Helmin Wiels was a great communicative political monarch giving the people that necessary daily high-dosage of anti-ruling elite rebellion. Blowing life back into political activism, mobilization, especially during the days of the constitutional restructuring when the Dutch government dictated finessed recolonization via supervision on the justice and finance sector. Labeled by adversaries as a black radical extremist because he agitated, made low income and working class aware of their rights and the exploitation of the power elite, government, trade unions, corporate and religious lords. Exposing institutionalized racism and the discriminatory second class citizenship within the Dutch kingdom when almost everybody tip-toed around it, too afraid to seek the unavoidable confrontation once a nation decides to wake up and demands what is rightfully theirs.
A catalyst with the stature like the leader of Pueblo Soberano was responsible for the public opinion boom of the last decade, common people started more and more to pay attention to politics and voice and shape their visions about socio-political issues that hindered Curaçao to grow. A peoples champ, catch him in the supermarket talking with cashiers, at construction sites, the market place, chat with welfare recipients, motivate prisoners, students, inspire single mothers but also switch to upper echelons and sit with offshore industry captains, bankers, and Dutch ministers.
Unfortunately, Curaçao never prepared itself for a post-Wiels era. Many have always thought he would be the general, commander in chief, the battering ram, breaking down the doors of the fort of the inventors of poverty and inequality, screaming, shouting, denouncing injustices. We needed someone like him to make up our mind and form an identity, a maroonage politician showing us how to escape from the mindstate that the late Black feminist and independentista Joceline Clemencia testified of in “Language is More Than Language in the Development of Curaçao”:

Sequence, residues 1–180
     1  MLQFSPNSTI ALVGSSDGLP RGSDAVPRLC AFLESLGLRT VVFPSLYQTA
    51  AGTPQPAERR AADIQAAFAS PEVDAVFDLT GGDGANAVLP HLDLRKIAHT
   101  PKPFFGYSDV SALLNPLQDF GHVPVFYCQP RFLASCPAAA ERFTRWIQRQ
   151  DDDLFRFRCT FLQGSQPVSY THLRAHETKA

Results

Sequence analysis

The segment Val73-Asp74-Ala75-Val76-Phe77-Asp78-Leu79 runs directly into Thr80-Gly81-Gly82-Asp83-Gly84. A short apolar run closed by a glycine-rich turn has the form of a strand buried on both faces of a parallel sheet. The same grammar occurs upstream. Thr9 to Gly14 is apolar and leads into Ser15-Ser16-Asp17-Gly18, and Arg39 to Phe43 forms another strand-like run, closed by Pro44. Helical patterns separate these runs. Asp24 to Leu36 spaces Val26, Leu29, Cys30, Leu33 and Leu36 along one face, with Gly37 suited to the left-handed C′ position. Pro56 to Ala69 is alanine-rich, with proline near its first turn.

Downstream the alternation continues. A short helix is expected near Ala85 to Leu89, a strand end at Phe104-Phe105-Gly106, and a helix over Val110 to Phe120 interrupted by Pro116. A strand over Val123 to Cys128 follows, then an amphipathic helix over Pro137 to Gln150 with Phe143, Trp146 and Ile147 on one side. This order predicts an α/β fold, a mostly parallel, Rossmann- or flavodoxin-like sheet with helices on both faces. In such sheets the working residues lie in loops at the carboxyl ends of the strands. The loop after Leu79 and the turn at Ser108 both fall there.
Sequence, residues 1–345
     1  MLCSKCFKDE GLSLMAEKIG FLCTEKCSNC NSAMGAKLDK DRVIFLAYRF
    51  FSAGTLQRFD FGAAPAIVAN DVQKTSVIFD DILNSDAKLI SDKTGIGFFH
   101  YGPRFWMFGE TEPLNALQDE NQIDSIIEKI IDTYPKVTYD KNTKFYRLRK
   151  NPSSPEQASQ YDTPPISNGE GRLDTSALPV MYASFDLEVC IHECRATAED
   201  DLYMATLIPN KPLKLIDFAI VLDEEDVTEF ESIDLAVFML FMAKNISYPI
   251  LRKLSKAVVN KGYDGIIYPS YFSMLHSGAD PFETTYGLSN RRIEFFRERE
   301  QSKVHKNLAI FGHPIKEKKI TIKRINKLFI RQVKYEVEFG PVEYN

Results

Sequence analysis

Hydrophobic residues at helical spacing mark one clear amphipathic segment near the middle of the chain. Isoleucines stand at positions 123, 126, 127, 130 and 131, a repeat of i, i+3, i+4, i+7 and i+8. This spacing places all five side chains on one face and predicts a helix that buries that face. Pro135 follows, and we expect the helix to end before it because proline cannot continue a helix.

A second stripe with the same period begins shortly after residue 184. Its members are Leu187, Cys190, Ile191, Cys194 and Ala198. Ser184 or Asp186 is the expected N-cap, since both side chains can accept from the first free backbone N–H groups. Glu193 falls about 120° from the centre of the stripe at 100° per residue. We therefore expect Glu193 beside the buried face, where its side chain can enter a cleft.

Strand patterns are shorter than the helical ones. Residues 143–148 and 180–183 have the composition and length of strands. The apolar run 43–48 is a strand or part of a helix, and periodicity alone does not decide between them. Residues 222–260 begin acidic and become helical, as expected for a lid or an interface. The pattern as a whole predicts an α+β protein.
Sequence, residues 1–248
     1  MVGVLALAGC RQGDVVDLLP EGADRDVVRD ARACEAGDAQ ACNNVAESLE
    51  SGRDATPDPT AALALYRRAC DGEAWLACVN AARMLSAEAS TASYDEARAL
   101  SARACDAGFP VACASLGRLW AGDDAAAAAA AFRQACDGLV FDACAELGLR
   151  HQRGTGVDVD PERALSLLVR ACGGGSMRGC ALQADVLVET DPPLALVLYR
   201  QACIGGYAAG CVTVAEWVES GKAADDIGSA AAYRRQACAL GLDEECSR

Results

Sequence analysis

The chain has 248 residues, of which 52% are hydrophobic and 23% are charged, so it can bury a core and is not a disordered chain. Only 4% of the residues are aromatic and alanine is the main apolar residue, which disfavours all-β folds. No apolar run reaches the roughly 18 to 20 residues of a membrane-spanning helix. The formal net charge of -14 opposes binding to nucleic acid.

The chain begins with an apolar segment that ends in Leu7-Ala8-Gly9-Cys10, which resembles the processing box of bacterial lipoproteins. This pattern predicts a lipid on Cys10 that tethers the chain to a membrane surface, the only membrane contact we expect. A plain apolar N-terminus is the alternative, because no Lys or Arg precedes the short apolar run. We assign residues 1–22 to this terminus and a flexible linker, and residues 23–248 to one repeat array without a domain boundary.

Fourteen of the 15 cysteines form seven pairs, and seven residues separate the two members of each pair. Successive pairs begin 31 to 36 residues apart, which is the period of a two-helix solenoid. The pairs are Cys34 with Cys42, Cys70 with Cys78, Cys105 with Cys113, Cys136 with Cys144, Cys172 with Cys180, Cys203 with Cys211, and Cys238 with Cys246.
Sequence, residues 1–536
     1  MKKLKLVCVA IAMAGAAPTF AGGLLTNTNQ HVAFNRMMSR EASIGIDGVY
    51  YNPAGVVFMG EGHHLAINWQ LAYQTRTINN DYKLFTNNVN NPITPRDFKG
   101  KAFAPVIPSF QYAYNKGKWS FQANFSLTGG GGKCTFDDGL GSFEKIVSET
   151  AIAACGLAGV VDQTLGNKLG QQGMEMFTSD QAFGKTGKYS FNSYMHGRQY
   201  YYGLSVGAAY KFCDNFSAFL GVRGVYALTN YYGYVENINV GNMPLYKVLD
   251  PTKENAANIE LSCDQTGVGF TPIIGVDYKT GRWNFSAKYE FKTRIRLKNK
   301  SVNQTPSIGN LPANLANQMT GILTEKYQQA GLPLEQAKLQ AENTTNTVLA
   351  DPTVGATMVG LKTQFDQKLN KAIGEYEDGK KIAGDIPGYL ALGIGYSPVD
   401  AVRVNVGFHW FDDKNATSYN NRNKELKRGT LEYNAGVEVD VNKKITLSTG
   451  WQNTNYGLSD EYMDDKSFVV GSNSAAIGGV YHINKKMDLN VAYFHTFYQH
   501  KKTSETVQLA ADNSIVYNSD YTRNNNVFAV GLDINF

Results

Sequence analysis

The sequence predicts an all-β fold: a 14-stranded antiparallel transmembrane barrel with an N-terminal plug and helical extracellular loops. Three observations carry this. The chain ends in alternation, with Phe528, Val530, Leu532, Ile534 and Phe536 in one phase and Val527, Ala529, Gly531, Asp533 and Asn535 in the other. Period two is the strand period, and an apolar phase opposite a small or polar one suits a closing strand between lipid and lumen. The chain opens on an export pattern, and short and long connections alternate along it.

“We have not studied our rulers well enough, otherwise we would have known that we were programmed to think that we are not programmed; that if we looked the other way long enough and denied the existence of colonialism it would automatically disappear. We forgot that we were trained not to see colonialism as colonialism. The Curaçaoan poet and senior ethnologist, Elis Juliana, asked himself once how come we accept that only–if it is even possible to speak of “only” in this horrible respect–5 years of Nazi domination could leave scars that deep and still felt in Holland’s skin, and deny the effects of 365 years of colonization in us? We thought it was not necessary to define ourselves because the good old motherland would solve all of our problems. We defined neither our culture or language. That is why we opposed independence so strongly and fiercely. We regarded it as threat to the “peace” and “wealth” we enjoyed.”
His plans to polish and structuralize the free education policy for secondary schools, increasing the scholarships for students to study in the region and combat brain-drain migration, repatriate the diaspora from the Netherlands, should continue by any means. The peoples low-cost supermarket, revitalization of neglected neighbourhoods, attract foreign and local investors that come with their own money and no tax holiday. No governmental guarantees, walking a route towards economic decolonization.
We are at the crossroads, Wiels, the Papa Leba of the political spheres, is no longer here in the flesh but the guardian, transformer of opportunities is felt in the spirit and he left a manual to detect, unmask and eradicate political and socio-economic oppression. He showed us exactly how to visualize a Curaçao with critical thinking and acting citizens free from the bondage of power hierarchies, redistributing the wealth, transforming to a more socialized and better world, just like his colleague Hugo Chavez tried, who departed his beloved Venezuela exactly two months before Wiels’ death, on March 5.
While many still are mourning in pain, disoriented, fearing his legacy of restistance will perish, there is no other way but to pay him tribute by speaking truth to power and keep emboldening yourself and your community. Pay him homage by internalizing his socio-political prowess. Get active, read, debate, use and reform the media to your benefit, organize, stand up for your rights. Get familiar with your region, build, connect, agitate against neo Colonization–untame your heart from it.
Wiels did not let his/our ancestors down, he fulfilled his mission, now we have to rise up and pick up that torch and keep the flame burning. No bullets, gunmen, capitalist, or imperialistic murder plot can ever stop us. Like his son Helmin Jr. said during the public funeral co-signed by daughter Savannah, “We owe Helmin…”